Then there’s their 30th release, The Jim Morrison Seance Tapes, where a throbbing 14-minute psych/space excursion is fronted by Jim Morrison, speaking from - as the story goes - beyond the grave. While future releases and concepts (a lost art in itself) followed the same pattern first put forth with Art Jackson’s Atrocity ten years ago: Soundtrack To A German Existential Student Art Film (#8), The Final Moments of Barry Cowsill (#14), Live In The Theatre of DisBelief (#22), Jazz From Outer Space (#35) or Opium Den Express (#39). Not to mention a sharply conceived, acoustic blues cover of The Beatles’ “I Wanna Be Your Man,” a Howling Wolf-styled send up that implies the song was written and recorded in the 1950s, by “Blind somebody,” before Lennon & McCartney ripped it off for themselves.

http://werelateforclass.blogspot.com 
http://werelateforclass.blogspot.com/2008/07/30-jim-morrison-seance-tapes.html
http://werelateforclass.blogspot.com/2011/01/53-i-wanna-be-your-man-45.html

For 10 years, the pattern of irreverent story-telling and historic re-invention was all there to see and hear for anyone who happened to stumble upon the band’s blog or Bandcamp page. And many did.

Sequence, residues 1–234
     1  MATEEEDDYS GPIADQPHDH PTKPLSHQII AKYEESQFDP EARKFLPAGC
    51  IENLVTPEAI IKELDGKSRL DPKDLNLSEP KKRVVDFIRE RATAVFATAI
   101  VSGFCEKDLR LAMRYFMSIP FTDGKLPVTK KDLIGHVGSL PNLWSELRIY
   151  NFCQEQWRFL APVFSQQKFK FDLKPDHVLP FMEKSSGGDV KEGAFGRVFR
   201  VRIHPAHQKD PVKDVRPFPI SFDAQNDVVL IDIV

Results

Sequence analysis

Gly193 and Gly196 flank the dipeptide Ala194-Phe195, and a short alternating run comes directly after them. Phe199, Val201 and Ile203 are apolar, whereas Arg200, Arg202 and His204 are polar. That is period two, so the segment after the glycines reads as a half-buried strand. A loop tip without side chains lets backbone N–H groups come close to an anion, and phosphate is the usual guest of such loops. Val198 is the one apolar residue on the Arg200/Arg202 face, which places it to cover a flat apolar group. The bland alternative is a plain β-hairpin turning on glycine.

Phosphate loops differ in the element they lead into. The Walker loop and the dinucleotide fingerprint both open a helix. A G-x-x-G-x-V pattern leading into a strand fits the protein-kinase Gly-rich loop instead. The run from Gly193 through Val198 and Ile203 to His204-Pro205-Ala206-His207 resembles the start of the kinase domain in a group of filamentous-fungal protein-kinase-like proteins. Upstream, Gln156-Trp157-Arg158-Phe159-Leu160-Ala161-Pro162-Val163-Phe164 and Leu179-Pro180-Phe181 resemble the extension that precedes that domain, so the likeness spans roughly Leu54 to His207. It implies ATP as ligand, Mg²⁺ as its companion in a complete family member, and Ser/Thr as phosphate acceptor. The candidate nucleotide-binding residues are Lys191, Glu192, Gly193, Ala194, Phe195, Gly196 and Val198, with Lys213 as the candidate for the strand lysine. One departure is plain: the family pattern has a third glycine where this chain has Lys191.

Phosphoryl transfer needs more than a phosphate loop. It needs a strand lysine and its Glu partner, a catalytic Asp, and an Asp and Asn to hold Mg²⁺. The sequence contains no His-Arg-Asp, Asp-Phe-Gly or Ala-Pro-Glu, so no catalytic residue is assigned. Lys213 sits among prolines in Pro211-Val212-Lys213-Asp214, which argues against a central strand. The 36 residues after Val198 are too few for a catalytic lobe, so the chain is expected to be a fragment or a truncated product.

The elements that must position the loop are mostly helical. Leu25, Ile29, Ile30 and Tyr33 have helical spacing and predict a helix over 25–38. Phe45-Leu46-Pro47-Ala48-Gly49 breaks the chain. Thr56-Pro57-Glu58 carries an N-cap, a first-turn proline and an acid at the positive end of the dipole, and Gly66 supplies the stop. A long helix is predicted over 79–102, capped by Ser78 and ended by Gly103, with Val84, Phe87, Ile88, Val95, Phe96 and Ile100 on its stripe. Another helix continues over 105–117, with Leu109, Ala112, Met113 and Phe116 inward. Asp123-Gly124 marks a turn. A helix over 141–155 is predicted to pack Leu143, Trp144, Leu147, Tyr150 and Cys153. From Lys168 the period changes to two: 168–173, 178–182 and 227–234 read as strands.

Today… Art Jackson’s Atrocity - the concept that started it all - seems to be We’re Late For Class’ enduring legacy. One that’s bolstered with the release of The Atrocity’s second, “independently released 1975 LP,” Live In Europe. And, like the rest of WLFC’s work, it delivers on the promise of its title… in spades (pun intended). These “live” recordings seemingly capture a seven-piece outfit, bolstered by a highly-charged drum attack, and colored by the instrumental trappings of ’70’s electric jazz improvisation (saxes, flutes… clarinets?) - fronted by the specter of a black, junkie 22-year-old guitarist whose brain-fried solos careen from blissed-out spacial psychedelia to frantic, searing, speaker-busting leads. 



Is all this real? Of course not. The story isn’t, anyway. But the music itself is another story, and is as real as your ears will let it be. It was easy for the web-elite to dismiss Gout, the first album, when a handful of discernible facts didn’t add up. Besides, no self-respecting connoisseur likes their musical knowledge challenged or, perhaps, trumped by hoaxers. But, with Art Jackson’s history and lineage now out in the open, it’s much easier - in fact, quite enlightening - to accept the music itself for what it is - blisteringly authentic jazz/rock, with enough originality and twists and turns to keep everyone “guessing.” 

Is it authentic? Is it ‘live?’ Is it all a con? Who can say, since the music is in the ears of the beholder. Perhaps there’s a more pertinent question to be asked that’s more to the point… Is it worthy?


On that count, opinions will invariably differ. But many (including this writer) are magnetically drawn to the… to the what? To the story? To the 10-year mystery? To the audacity? To the gall? To the attention to detail? Bluster? Chutzpah? Creativity? Maybe just to the non-believers in all of us or, perhaps, the entire concept’s apparent send up of the gullibility of consumer expectations?

Maybe, just maybe, it’s the music itself that makes its mark this time. Maybe that’s all that ever mattered. 

- Kenneth Hall